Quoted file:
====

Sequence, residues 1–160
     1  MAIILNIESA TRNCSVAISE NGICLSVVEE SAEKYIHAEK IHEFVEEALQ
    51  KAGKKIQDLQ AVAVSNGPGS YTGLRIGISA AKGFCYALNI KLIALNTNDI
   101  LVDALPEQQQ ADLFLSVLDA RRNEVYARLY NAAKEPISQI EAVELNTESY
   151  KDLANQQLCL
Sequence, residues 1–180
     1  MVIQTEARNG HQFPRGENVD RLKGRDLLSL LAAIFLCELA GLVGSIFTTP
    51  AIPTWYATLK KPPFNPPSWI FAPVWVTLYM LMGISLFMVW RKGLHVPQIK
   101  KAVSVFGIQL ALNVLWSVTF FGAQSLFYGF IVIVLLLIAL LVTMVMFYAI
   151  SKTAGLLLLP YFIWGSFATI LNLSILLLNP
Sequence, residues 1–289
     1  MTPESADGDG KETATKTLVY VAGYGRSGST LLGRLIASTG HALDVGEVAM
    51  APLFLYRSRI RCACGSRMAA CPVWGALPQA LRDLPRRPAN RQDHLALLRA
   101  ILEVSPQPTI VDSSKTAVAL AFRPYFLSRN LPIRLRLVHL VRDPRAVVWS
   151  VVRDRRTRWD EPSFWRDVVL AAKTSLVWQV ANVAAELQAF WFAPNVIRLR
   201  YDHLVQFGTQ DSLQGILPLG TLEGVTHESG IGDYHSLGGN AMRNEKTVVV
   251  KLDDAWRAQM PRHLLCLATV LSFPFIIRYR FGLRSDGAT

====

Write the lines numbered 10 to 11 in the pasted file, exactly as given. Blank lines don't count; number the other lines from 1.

   151  SKTAGLLLLP YFIWGSFATI LNLSILLLNP
Sequence, residues 1–289